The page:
Well, I think that’s it. And you know, you guys know how I think all the time. It’s like, how do I prevent this silly thing? So social engineering is just a pathway. It’s just a pathway to get to the core feature that somebody is exploiting. So the core feature is authenticated access onto a network, right? And to be, to take over the persona of another individual and then act into their capacity and then exploit their privilege inside of an organization. And so I have to look to Okta. I have to look to technologies that are providing that final last mile authentication and say, can we do better here? Can we build some sort of an algorithm? So much of what AI is great at is, if a human being can tell that Gabe is Gabe, video, audio, mannerisms, gestures, speaking, accent, blah blah. Why can’t a computer, like why can’t it? I don’t understand. We covered this back at silence days. It’s doable, behaviorally. How you type on a keyboard, how you use your mouse, what programs you use, how you use it. These are all very highly unique to an individual. Why can’t we do that? And I just beg the Okta’s of the world and others to get more innovative, to drive AI into the solution and don’t be part of the problem. Because guess what? And you saw it in a couple of other attacks, but like deep faking voices and deep faking videos like this is going to happen. Sure, you can call up a supposed IT admin back who was asking for a reset of their MFA.
Stuart McClure (07:20.373)
And you should be able to tell that that’s a deep fake. That’s not the real individual. But we don’t have a unified, trusted system of identity. That’s the problem. And that’s also why all these phishing attacks work and smishing and all the social engineering is because it’s at the core. At the core of it, we cannot trust the identity of the individual tied to what we’ve stored for the individual. And that’s the problem. And I just think AI is a perfect, perfect place to apply here. But, sorry, I’ll get off my soapbox now.
Yeah, there is a challenge. And just playing devil’s advocate here, but then there’s data collection, right? And do we really want our biometrics to be collected and used for authentication? I think at Cylance we looked at things like, hey, what devices are near you? Is your phone near you? Is it where it usually is supposed to be and things like that. So all of that requires data collection, right? And then understanding the traits of different individuals. But then how do you feel about privacy, right? And so it’s hard to balance, right? And we need to be careful not to go to extremes, but at the same time, we also want to make sure that we establish some kind of baseline, right? So it’s, yeah, anyways, I don’t have a solution for that, but it’s a problem.
Chetan Conikee (08:37.385)
Ben Denkers (08:40.098)
Two-factor authentication using DNA, right? Like that’s, you know.
Chetan Conikee (08:43.971)
Stuart McClure (08:44.877)
2FA with DNA, well, you know, I think there’s something to it. And you know, us older folks, I can tell, yes, we find this stuff creepy, right? But I’m telling you, my kids couldn’t care less. Like, they just couldn’t care less. My 19-year-old, my 20-year-old, my 22-year-old, my 23-year-old, they just couldn’t care less. So I think it’s a generational thing. As long as it’s being used for good.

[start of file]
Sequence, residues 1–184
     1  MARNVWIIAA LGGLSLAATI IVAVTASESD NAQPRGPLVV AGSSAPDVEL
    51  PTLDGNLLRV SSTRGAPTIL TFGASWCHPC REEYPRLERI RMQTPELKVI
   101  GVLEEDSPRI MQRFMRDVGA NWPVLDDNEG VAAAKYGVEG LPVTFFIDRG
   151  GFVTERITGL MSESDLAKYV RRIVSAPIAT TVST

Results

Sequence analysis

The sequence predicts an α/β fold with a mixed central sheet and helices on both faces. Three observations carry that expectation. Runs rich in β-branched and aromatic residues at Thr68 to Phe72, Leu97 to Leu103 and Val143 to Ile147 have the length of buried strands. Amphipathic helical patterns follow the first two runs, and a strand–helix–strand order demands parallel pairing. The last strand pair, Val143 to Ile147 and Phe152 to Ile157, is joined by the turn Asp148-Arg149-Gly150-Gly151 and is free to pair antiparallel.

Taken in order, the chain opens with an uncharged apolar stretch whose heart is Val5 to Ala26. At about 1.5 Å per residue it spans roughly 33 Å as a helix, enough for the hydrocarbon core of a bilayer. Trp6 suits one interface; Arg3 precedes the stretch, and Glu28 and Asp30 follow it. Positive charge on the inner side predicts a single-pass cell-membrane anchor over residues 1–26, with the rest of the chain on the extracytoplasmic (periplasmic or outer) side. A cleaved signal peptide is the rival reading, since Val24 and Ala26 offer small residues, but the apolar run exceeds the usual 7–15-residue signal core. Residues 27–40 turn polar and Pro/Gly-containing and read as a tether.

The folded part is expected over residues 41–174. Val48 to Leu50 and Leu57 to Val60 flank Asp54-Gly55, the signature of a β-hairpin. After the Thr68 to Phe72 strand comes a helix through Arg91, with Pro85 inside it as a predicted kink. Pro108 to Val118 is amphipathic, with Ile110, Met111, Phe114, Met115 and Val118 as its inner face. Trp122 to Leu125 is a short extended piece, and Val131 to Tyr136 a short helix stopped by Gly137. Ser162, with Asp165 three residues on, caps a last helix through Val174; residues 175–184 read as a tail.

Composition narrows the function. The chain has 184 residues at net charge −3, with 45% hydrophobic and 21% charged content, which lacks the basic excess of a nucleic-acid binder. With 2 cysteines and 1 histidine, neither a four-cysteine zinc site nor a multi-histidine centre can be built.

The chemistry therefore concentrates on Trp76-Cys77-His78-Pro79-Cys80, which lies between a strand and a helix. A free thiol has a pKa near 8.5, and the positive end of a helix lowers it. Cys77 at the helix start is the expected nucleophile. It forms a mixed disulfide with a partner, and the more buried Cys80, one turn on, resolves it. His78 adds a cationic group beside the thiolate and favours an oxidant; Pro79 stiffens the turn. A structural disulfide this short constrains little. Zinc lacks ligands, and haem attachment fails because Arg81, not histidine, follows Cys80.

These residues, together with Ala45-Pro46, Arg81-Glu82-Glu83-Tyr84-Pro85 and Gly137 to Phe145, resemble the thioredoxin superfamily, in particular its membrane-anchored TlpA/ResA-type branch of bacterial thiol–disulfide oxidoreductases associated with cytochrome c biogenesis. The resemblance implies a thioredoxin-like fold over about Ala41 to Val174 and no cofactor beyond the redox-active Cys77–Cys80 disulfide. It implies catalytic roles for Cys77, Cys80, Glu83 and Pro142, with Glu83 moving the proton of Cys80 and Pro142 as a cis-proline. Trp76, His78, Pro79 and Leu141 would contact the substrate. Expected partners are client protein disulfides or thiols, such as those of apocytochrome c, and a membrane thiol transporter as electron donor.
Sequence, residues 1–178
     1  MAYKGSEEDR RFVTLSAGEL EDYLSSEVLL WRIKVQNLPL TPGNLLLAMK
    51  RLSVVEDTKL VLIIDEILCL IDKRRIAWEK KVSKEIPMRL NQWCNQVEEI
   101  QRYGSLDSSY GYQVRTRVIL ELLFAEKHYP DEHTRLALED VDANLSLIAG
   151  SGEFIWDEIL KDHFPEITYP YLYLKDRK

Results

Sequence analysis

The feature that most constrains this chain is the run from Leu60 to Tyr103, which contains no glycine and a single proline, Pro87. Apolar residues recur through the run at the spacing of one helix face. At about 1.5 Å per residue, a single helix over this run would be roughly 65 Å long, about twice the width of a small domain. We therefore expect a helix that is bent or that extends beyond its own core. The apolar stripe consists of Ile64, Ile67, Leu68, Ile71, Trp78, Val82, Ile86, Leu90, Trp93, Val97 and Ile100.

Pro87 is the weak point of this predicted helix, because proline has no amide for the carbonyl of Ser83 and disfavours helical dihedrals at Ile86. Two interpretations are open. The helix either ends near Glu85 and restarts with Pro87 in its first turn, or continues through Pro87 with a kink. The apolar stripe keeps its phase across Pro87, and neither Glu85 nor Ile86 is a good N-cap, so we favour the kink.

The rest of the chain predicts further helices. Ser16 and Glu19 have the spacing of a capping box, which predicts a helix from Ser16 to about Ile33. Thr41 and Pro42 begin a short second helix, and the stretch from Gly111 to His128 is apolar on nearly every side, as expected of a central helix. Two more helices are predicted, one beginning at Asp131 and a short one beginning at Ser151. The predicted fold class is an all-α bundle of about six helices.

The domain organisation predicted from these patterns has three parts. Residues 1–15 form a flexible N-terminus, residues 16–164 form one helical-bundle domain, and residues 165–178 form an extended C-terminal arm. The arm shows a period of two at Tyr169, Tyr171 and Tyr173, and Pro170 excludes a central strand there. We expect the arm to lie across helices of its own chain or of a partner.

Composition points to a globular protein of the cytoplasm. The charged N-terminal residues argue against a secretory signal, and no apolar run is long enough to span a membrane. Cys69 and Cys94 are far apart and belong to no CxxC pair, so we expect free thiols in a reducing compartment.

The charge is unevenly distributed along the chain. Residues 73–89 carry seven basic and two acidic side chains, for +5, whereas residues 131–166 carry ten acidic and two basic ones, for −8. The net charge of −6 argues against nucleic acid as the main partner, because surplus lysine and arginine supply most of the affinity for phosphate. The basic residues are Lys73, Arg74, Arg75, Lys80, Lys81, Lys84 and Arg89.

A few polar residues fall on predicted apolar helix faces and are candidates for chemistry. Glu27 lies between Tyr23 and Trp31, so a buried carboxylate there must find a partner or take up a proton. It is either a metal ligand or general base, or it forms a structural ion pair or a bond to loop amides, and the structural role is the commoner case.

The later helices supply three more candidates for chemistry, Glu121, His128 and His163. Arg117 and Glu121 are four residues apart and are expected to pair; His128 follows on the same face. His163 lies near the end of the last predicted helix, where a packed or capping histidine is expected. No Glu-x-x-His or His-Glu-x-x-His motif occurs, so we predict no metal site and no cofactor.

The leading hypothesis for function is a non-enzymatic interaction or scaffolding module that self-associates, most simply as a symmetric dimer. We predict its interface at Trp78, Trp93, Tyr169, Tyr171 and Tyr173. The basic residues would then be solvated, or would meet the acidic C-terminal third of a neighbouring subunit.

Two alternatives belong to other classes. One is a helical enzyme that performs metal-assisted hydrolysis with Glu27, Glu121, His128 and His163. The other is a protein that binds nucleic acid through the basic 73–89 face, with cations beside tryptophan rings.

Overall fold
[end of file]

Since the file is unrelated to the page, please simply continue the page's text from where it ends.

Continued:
That’s true, yep.
Stuart McClure (09:13.977)
As long as it’s being used to prevent the bad guys from exploiting you, I don’t see the future generation caring. I don’t. I could be wrong.
Yeah, I do think that we are making some improvements, like moving away from SMS-based two-factor authentication, onto things like pass keys or a YubiKey and things like that. That helps. So it’s not just exchanging codes over the phone, but rather having a better experience.
Chetan Conikee (09:23.63)
Oh, you are-
Devices that ensure you actually have access, getting rid of usernames and passwords in the case of passkeys, for example. That helps. I think it’s just a matter of how do we put all of that into practice. Because transitioning from having the technology and the theory to then actually implementing that in an organization, we know how difficult that can be. It could take years because it’s a business, right? And they have more on their plate than just security. It’s complicated, but we’re here to help, I guess.
Chetan Conikee (10:21.264)
To touch on one point which has nothing to do with security, I was recently at a hospital observing a nurse. Nurses record critical PII data on their terminals into the system, but unfortunately, purely from a usability standpoint, security is seen as an impediment. Constantly, the system is expiring the session. The nurse needs to quickly enter patient data and move to the next patient.
Stuart McClure (10:21.638)
Chetan Conikee (10:51.516)
Now, in the design world, they refer to this as an anti-affordance because if these interruptions happen, they will resort to the notepad and start recording there. So my takeaway is, when can security be usable? That’s key.
Stuart McClure (11:05.121)
I’ll tell you when. I’ll share a story. When I went to Kaiser Permanente in 2008 to help build the cybersecurity practice there with Patrick Heim, I saw this exact scenario. I’d talk to the regional head, the ones that represented all the doctors in the region. I won’t name names, but he and I discussed the challenges. I was new to the organization and he said, “Look, if you get in the way of patient data access, you kill people. It’s that simple.” So when you asked me to put in a Wi-Fi password to get access to the Wi-Fi, that could have serious consequences.
Stuart McClure (12:03.377)